Michael Staines
Michael Staines

09.55 10 Jun 2021


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A rare partial solar eclipse will darken the skies across Ireland this morning for the first time in six years.

The event begins at 10am, with people in the southeast likely to have the best chance to witness it.

At its peak shortly after 11am, almost half the sun will be blocked out by moon.

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The event will finish at around 12:30pm.

A partial solar eclipse in Ahmadi Governorate, Kuwait A partial solar eclipse in Ahmadi Governorate, Kuwait, 26-12-2019. Image: Nie Yunpeng/Xinhua News Agency/PA Images

On Newstalk Breakfast this morning, Asstronly Ireland Editor David Moore described what to expect.

“A few minutes after 11am, about 45% of the sun’s diameter - that equates to about a third of the whole area of the sun - will be covered by the moon,” he said.

“So, we think it might get noticeably cooler and, if it is a lovely clear blue sky, you might notice that the day doesn’t look as bright as it normally should because you have only got two-thirds of the sunlight left.

“Then the moon will move slowly off the face of the sun and it is all over by 12:30.

“We won’t get a better eclipse until 2025, although there is a smaller one actually happening late next year.”

Safe watching

It is extremely dangerous to look directly at the sun - including during an eclipse - as you can seriously hurt your eyes or even go blind.

Luckily, there are still a number of ways to see the event safely.

You can watch through a pair of ISO-compliant solar filter/solar eclipse glasses - although you must remember not to watch through a camera or through binoculars and telescopes even while wearing the glasses. Solar filters must always be placed in front of optical devices while looking at the sun.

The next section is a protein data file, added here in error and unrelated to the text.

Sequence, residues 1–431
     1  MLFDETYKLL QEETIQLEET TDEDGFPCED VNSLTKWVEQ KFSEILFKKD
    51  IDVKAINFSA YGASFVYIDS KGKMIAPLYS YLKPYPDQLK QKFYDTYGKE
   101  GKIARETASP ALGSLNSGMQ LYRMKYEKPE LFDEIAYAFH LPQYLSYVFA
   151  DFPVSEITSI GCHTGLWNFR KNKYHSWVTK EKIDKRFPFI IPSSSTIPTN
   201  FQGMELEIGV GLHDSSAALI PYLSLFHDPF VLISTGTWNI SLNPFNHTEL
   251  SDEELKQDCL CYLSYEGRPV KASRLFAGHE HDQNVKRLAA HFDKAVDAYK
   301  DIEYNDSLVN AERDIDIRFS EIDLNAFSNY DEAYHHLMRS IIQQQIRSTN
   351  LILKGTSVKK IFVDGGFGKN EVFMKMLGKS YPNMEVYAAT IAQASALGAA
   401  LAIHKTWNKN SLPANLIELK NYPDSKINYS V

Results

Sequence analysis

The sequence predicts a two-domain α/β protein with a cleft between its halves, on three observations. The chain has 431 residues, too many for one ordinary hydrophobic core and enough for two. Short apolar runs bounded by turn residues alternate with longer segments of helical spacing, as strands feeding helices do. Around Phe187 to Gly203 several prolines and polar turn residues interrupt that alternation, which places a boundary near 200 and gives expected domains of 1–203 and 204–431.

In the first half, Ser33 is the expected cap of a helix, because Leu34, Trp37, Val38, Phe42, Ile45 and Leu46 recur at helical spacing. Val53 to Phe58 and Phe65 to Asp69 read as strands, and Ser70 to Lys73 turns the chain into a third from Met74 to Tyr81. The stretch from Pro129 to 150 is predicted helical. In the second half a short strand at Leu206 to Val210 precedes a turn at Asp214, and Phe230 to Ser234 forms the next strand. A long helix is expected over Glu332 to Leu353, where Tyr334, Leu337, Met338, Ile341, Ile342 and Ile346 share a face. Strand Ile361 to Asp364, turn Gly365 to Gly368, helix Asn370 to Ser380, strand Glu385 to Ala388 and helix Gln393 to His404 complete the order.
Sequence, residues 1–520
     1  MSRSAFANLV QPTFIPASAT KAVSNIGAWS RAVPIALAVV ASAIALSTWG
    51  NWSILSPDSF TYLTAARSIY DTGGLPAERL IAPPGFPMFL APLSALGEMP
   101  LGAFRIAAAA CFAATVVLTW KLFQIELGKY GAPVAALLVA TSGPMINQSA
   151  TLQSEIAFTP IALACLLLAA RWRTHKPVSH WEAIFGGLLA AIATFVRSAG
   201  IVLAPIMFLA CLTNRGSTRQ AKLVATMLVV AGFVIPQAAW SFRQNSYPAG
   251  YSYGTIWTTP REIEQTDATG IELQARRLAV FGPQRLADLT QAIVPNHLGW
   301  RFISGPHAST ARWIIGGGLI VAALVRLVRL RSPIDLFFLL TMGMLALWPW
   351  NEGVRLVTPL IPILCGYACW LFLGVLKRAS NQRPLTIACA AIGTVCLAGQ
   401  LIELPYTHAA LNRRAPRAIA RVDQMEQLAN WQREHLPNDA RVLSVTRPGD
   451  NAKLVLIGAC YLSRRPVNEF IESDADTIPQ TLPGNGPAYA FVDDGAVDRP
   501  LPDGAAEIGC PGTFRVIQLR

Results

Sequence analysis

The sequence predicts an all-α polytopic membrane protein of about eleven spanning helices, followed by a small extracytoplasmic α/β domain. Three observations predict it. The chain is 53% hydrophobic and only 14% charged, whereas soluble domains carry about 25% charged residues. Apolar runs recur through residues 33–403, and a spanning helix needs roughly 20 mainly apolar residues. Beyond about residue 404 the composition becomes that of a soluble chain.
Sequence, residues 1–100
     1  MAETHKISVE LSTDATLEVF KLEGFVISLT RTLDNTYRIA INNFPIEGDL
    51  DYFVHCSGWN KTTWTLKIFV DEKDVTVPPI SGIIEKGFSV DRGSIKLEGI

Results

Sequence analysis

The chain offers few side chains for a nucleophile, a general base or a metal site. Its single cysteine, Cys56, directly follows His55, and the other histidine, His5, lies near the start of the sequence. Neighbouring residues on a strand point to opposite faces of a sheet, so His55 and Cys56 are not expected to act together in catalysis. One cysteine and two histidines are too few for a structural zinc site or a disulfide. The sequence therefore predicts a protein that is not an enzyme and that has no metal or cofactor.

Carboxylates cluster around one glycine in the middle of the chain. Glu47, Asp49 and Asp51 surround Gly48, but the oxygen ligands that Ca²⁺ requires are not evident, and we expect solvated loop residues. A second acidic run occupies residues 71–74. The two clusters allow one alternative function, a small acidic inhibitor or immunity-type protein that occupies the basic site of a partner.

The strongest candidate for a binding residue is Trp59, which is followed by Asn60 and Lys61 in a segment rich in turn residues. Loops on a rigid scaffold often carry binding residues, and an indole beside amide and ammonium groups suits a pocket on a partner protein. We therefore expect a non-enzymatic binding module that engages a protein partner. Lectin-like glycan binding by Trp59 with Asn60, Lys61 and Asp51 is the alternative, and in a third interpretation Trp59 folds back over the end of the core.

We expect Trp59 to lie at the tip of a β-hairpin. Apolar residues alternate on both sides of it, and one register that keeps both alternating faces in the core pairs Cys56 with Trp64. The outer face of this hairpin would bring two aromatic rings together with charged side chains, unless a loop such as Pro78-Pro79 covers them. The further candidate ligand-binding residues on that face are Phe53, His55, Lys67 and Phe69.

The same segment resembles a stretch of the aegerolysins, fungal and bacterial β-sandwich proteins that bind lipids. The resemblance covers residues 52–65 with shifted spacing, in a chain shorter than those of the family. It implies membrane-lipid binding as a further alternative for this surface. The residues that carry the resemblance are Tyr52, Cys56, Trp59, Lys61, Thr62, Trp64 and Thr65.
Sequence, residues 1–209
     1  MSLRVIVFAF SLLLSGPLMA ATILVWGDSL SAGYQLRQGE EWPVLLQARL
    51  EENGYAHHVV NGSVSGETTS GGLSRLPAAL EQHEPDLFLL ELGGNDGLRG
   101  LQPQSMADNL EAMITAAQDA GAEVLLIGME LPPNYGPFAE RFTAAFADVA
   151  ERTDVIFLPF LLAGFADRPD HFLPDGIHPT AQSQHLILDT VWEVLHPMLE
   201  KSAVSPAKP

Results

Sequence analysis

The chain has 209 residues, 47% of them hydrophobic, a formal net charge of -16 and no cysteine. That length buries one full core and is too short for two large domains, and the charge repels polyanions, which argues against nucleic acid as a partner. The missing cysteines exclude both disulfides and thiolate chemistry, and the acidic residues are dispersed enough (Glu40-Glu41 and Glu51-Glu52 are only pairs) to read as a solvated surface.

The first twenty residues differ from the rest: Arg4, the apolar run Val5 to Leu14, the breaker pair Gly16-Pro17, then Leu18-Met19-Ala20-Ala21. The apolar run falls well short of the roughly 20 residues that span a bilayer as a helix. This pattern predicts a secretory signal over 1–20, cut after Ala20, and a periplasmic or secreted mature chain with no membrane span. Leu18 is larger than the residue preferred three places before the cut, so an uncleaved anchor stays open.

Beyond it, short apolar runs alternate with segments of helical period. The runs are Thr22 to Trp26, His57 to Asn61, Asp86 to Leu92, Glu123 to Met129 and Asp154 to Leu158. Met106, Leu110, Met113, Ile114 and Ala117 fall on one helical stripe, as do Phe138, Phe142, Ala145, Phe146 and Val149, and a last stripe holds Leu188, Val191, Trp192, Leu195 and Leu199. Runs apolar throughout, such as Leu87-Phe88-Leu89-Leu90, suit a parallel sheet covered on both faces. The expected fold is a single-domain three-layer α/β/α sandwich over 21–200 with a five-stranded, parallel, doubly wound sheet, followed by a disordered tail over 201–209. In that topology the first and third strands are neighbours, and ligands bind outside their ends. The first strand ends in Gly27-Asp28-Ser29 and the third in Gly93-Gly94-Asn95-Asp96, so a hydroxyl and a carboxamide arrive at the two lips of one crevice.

Pinhole projector

The easiest way to watch is to build a pinhole projector.

Take one sheet of paper or cardboard and punch a hole in it. Make sure the hole is round and smooth.

With your back to the sun, hold the paper above your shoulder allowing the sun to shine on it.

Hold the second piece of paper at a distance behind the first sheet and you will see an inverted image of the Sun projected onto the paper through the pinhole.

To make the sun larger, hold the pieces of paper further away from each other.

You can also use the pinhole projector to project the sun onto the pavement or a wall.

You can get similar results using a sieve or a colander to project the image - at the peak of the eclipse, you’ll see lots of tiny crescent suns projected onto the floor or page.

Box Projector

You can also watch in slightly swankier fashion by making yourself a box projector.

Take a long box (or tape two boxes together to get the longer shape.

Cut a rectangular hole at one end of the box and tape a sheet of completely flat and unwrinkled aluminium foil paper over the hole.

Use a pin to poke a tiny hole in the centre of the foil.

Tape a sheet of white paper on the inside of the far end of the box.

Stand with your back to the sun and place the box over your head the pinhole towards the sun.

Adjust your position until you see the sun projected onto the sheet of paper.

A partial solar eclipse appears briefly through the clouds beside the Campanile in Trinity College Dublin A partial solar eclipse appears briefly through the clouds beside the Campanile in Trinity College Dublin, 20-03-2015. Image: Photocall Ireland!

It is the deepest partial eclipse in Ireland since March 2015 and Astronomy Ireland has said the country will not see anything deeper until March 2025.

Ireland's last total solar eclipse was nearly 300 years ago and the next one is not due until September 2090.

"Total solar eclipses are even spectacular but they are extremely rare," said Mr Moore.

"You will only see one every 400 years if you don't move so we have got eclipse trips to the USA, Turkey and Bulgaria.

"We are planning the next one in 2024 to Mexico to see the total eclipse of the sun and that is when day turns to night. I have never seen anything like it before in my life."


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